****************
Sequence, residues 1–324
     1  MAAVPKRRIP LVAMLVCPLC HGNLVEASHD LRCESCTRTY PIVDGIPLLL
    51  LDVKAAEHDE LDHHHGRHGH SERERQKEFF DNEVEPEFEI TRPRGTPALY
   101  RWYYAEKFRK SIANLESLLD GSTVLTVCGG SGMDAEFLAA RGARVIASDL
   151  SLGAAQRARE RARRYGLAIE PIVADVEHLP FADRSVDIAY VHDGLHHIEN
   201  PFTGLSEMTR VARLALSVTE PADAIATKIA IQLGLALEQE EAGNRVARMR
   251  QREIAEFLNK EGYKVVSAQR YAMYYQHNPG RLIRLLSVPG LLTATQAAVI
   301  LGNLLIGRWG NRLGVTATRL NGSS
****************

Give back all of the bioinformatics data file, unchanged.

Sequence, residues 1–324
     1  MAAVPKRRIP LVAMLVCPLC HGNLVEASHD LRCESCTRTY PIVDGIPLLL
    51  LDVKAAEHDE LDHHHGRHGH SERERQKEFF DNEVEPEFEI TRPRGTPALY
   101  RWYYAEKFRK SIANLESLLD GSTVLTVCGG SGMDAEFLAA RGARVIASDL
   151  SLGAAQRARE RARRYGLAIE PIVADVEHLP FADRSVDIAY VHDGLHHIEN
   201  PFTGLSEMTR VARLALSVTE PADAIATKIA IQLGLALEQE EAGNRVARMR
   251  QREIAEFLNK EGYKVVSAQR YAMYYQHNPG RLIRLLSVPG LLTATQAAVI
   301  LGNLLIGRWG NRLGVTATRL NGSS